“Could I have a glass of water?”

“Oh, shiiit,” he said, as if saying “Now you make me get up and I gotta do it because I am a good host, a proper one, old school.” But in actuality he said, “Yep, I’ll get that for you.” And he swaggered slowly into the filthy kitchen area. “You really looking for Elizabeth?”

“I just,” I said, “I was in the neighborhood and I though she might be here. She does this sometimes. I found here in this place before. The house is very old-looking. Like from the sixties. I like the feel.”

“Yeah? I ain’t got no money to make it modern, so I just stuck with the way my daddy made it,” he said, handing me a tumbler glass of tap water. “I appreciate you noticing.” He wiped his mouth on his sleeve.

I gulped the water down quick, half the glass in a few seconds. “Thanks, I needed that.”

“You wanna sit down and watch the game a little? The audio is busted and I ain’t got the money to get it fixed, but football is football and you can make out what’s happening.”

“No, thanks, I gotta get going,” I said. I put the glass on the counter and turned around.

“Wait,” he said, “Elizabeth. She’s here. In the… upstairs.”

“Huh,” I nodded, “I knew it.”

“I’m sorry I lied to you,” he said, “I thought you were one of them bad folks, but you ain’t got that… Confidence?”

“Yeah, I get that a lot,” I said, nodding. “So, where is she?”

“Upstairs, second door on the right. She was sleeping about… about an hour ago.”

I climbed the stairs slowly, again trying to make no sound, and at the same time I wondered what made me be so quiet. Finally, I reached the room. The door was ajar. She was in bed, among dirty sheets, wearing just a top and panties. She was sleeping on her back with her mouth wide open, her hair all over the pillow in sweaty clumps. She looked like she had suffocated in the hot air and I hoped she had, so I did not have to go through this again.

“Elizabeth, baby,” I said, “It’s time to come back home again.”

She woke up with a grunt.

Non-standard Sound

The best sound effects guy in town was called in. As he arrived, the director was pacing back and forth between his office window and his Zen garden. All around stood a host of concerned minions. The director lifted his head only for a second to acknowledge the legendary soundsman.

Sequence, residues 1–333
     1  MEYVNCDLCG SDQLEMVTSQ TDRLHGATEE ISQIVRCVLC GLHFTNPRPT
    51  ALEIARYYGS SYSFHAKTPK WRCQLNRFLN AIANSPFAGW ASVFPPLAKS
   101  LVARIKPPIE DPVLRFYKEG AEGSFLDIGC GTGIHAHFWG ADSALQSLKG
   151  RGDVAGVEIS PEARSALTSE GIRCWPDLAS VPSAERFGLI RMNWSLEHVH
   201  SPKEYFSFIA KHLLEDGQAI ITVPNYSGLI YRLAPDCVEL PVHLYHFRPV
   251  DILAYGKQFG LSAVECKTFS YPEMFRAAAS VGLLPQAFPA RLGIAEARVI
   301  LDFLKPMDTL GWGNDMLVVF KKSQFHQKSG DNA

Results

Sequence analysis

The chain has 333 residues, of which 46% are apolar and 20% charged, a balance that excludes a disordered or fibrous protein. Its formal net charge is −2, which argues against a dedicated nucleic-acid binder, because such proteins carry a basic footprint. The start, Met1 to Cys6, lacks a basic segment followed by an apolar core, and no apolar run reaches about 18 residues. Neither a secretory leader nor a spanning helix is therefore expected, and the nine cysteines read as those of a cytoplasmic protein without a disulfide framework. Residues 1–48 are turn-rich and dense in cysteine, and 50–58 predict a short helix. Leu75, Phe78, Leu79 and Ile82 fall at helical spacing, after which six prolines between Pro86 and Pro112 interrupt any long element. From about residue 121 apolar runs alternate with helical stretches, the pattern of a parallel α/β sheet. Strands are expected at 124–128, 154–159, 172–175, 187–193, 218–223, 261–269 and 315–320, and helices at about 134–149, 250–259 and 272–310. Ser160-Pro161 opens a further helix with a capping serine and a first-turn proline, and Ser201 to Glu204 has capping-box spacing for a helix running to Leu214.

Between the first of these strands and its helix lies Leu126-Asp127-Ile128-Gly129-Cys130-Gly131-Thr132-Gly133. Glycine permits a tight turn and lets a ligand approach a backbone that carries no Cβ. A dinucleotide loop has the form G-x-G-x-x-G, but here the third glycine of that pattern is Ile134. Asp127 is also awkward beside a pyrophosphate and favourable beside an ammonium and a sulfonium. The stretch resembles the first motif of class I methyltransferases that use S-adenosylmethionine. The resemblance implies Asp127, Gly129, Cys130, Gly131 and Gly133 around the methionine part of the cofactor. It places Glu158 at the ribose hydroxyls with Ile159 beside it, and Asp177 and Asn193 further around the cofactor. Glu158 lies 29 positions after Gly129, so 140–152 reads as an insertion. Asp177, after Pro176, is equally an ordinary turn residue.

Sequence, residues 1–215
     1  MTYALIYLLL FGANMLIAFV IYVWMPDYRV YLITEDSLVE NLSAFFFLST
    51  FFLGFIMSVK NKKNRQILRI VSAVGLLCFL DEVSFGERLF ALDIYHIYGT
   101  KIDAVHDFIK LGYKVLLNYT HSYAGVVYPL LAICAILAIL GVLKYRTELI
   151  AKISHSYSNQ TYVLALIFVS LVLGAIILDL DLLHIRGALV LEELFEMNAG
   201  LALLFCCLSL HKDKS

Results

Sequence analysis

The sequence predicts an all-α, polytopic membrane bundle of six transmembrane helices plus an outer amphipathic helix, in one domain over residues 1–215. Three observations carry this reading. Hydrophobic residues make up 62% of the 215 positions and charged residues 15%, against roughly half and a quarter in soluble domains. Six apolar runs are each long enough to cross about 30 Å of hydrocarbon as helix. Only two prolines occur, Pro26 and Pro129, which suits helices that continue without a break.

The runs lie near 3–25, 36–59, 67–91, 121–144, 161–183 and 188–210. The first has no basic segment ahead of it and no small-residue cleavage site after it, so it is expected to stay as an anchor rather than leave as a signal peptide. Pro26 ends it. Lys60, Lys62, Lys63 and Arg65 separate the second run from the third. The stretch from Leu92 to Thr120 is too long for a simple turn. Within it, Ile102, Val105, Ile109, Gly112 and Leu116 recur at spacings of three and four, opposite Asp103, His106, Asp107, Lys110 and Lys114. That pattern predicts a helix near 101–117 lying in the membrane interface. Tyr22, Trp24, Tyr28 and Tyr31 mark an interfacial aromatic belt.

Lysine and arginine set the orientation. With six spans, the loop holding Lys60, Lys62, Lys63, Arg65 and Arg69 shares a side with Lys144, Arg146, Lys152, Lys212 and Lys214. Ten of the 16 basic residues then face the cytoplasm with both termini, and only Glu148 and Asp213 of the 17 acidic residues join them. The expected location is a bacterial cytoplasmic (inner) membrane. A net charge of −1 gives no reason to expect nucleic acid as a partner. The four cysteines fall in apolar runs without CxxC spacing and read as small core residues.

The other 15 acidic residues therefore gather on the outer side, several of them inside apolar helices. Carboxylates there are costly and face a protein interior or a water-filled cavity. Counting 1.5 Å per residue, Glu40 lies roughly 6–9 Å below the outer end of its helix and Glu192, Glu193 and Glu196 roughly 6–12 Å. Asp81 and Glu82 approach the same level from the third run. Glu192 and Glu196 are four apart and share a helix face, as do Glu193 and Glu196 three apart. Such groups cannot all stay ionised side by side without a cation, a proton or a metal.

“Good, you’re here. It’s about my invasion movie.”

The Invasion of Los Angeles,” the assistant director said helpfully.

“I’ve heard about the project,” said the soundsman, “How’s it coming along.”

The director frowned in disapproval at the question, and then muttered: “I need a sound that will indicate a terrible, murderous creature is coming. The hunter of souls. The ravager of hope. The destroyer of worlds.”

“Like a roar?”

“No, not a roar,” the director roared, “Something more noble and refined. A machine sound.”

“Like a transformers noise?” the soundsman took his phone out to play some samples.

“No! Something new.”

“I have just the thing,” said the soundsman and was just about to add something when a terrible screech filled everything, like the sound of brakes as the car is rolling over an infant’s head. Just a heartbeat and it was gone, but everyone felt sick to their stomachs.

“That’s it, that’s perfect,” said the director.

“I did not make the sound,” said the soundsman and they all turned to the window to see what was blocking the sun.

A Long Journey for a Small Box

“This box,” said Weathers, “Made its way here all the way from Marakesh.” He was blowing grey smoke and the ribs of the window blinds showed in it. It was hot in his office.

“Really,” I said, humoring him, and then I focused on the smart-looking yellow¬†letters. “What’s Ediblo,” I asked.

“When you hear Marakesh,” he deflected, “What do you think about?”

“I dunno, carpets?”

He tsk-tsk’d me. “How about William Boroughs. The Beat Generation. Naked Lunch. Any of that ring a bell?”

“Yeah, kind of,” I lied.

“Well, Ediblo is a brand from Naked Lunch.”

“Remind me what naked lunch is again,” I said.

“It’s a novel about a bunch of junkies crossing the boundaries of reality. It’s funny how somebody made a box for a fictional brand. It’s like it crossed a boundary to get here as well.”

“Yeah,” I nodded.

Weathers was barely visible in the cloud of cigarette smoke he had conjured up. Was there no ventilation in the office?

“So what do you want me to do about it?” I asked, “Find out who made it?”

“No, but you can help me find out what it is that’s inside.” He pushed the box across the desk to me. The whole box was blue cardboard and it was pretty weathered.¬†I picked it up and opened the lid, it was filled with a solid brownish-black substance. It smelled like bug spray and licorice.

Just outside his office, I started formulating a plan, and I hardly noticed his secretary. “Leaving so soon, Mr. Benson?” she asked. Strands of her hair were glued to her face with sweat, it was so hot in there.

“Yes, see you around,” I said. Had she been there when I came in? Frankly, I could not remember how I got into Weather’s office in the first place.